This is the code I wrote and it doesnt work.

unsigned long currentmillis=0;
unsigned long previousmillis1=0;
unsigned long previousmillis2=0;
byte ledstate=LOW;
int ledpin=9;

void setup(){
  pinMode(9,OUTPUT);
}

void loop(){
  currentmillis=millis();
  for(uint8_t i=0;i<3;i++){
  blinkled();
  }
shut();
}

void blinkled(){
  if(ledstate==LOW){
  if(currentmillis-previousmillis1<=500){
    ledstate=HIGH;
    digitalWrite(ledpin,ledstate);
    previousmillis1+=500;
  }
}
else{
  if(currentmillis-previousmillis1<=500){
    ledstate=LOW;
    digitalWrite(ledpin,ledstate);
    previousmillis1+=500;
}
}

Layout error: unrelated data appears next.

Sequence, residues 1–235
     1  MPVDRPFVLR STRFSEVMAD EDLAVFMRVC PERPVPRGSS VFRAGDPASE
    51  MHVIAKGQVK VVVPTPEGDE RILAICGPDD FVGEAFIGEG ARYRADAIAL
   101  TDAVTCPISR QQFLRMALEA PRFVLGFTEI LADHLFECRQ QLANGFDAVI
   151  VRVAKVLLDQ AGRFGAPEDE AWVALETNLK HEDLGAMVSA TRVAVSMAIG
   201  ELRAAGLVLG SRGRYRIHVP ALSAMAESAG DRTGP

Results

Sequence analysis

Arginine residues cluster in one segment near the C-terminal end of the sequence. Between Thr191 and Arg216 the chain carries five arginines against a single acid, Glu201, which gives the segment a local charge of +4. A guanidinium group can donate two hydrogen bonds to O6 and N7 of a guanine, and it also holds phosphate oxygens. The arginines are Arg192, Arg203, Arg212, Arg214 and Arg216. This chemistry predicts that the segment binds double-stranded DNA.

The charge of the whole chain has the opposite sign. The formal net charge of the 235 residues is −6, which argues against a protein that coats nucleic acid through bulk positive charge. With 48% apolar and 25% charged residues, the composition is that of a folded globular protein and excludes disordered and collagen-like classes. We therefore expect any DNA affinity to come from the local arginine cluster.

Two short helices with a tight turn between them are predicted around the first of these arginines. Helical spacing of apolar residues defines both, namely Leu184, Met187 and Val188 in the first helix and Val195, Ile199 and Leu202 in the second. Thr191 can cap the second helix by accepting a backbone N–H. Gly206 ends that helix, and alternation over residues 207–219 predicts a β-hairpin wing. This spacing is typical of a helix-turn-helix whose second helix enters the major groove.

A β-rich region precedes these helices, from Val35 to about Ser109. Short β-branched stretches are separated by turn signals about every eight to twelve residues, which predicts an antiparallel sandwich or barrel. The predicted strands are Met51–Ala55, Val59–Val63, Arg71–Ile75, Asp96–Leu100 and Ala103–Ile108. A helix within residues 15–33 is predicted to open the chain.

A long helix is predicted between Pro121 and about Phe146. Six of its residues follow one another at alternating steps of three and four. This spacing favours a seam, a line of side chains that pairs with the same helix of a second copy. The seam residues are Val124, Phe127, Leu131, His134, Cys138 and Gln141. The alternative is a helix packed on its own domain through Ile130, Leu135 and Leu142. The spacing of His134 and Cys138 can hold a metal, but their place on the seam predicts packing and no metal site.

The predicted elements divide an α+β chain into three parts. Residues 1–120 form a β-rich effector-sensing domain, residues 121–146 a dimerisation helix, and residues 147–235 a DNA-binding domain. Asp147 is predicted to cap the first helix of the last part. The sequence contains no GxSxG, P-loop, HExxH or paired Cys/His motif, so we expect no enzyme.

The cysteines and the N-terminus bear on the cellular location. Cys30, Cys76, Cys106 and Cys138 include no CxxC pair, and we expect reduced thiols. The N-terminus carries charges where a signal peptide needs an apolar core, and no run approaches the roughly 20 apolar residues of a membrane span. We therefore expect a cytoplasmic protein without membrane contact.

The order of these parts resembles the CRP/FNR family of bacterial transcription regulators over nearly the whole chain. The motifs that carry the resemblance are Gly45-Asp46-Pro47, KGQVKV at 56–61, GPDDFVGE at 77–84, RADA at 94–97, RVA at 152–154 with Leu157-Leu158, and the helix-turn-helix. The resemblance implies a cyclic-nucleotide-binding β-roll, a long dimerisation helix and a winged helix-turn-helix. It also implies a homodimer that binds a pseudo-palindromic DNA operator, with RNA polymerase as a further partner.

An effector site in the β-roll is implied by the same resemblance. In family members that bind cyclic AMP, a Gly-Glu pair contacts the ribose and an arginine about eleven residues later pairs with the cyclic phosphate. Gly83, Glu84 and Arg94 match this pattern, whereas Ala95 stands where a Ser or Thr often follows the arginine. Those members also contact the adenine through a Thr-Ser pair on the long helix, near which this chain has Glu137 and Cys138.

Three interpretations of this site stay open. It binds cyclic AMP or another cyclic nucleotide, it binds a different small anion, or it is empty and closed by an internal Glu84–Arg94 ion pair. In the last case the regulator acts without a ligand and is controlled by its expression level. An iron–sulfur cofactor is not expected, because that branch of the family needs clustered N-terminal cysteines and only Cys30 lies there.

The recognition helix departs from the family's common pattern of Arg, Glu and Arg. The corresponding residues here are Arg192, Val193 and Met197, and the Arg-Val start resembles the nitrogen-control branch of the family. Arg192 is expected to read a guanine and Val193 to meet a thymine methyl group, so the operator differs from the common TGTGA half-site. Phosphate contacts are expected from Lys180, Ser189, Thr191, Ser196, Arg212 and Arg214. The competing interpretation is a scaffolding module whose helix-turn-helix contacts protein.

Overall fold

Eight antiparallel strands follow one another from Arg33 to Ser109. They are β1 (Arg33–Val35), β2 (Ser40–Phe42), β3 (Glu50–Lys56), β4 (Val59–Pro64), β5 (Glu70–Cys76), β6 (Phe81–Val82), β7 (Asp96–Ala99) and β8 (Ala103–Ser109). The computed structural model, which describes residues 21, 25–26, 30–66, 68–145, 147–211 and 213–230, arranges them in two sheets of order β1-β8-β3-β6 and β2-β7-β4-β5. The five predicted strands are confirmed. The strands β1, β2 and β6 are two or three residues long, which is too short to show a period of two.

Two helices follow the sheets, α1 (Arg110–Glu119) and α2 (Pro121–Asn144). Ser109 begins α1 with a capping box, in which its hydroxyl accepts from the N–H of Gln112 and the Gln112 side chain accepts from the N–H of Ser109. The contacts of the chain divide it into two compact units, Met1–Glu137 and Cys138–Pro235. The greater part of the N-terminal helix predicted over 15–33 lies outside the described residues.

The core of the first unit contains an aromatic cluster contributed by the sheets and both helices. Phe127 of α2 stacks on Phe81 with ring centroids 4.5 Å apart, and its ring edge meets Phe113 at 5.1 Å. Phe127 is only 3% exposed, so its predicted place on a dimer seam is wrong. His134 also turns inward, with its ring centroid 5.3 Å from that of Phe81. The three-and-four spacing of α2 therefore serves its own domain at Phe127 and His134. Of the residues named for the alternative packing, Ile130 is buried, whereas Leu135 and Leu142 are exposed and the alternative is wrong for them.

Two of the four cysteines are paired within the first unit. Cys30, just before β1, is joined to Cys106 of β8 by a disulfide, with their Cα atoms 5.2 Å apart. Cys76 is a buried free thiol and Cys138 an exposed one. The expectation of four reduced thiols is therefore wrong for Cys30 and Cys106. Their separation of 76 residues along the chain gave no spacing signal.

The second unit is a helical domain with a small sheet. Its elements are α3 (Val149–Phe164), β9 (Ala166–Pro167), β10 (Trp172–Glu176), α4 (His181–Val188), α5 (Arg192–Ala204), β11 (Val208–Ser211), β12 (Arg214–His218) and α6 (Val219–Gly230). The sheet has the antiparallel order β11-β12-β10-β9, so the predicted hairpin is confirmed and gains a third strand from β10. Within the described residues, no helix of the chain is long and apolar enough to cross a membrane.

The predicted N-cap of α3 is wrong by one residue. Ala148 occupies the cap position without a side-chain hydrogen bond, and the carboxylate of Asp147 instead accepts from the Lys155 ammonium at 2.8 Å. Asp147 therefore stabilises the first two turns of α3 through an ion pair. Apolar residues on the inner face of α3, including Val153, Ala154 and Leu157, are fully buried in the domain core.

}

void shut(){
  if(ledstate==LOW){
  if(currentmillis-previousmillis2<=10000){
    ledstate=LOW;
    digitalWrite(ledpin,ledstate);
    previousmillis1+=10000;
  }
}
}

I would really appreciate the help

How about a less convoluted approach?

const char ledPin = 9;

bool blinking = true;
byte blinks = 0;

void setup() {
  pinMode(ledPin, OUTPUT);
}

void loop() {
  static unsigned long lastEvent;
  unsigned long topLoop = millis();
  if (blinking) {
    if (topLoop - lastEvent >= 500) {
      lastEvent = topLoop;
      digitalWrite(ledPin, !digitalRead(ledPin));
      if (++blinks >= 6) {
        blinking = false;
        blinks = 0;
      }
    }
  } else if (topLoop - lastEvent >= 10000) {
    blinking = true;
  }
}

Your code seems simpler but the there seems to be a rather big glitch in it. Every once in a while, instead of staying off for 10 seconds, it would stay on. Any thoughts?

fame3096: Your code seems simpler but the there seems to be a rather big glitch in it. Every once in a while, instead of staying off for 10 seconds, it would stay on. Any thoughts?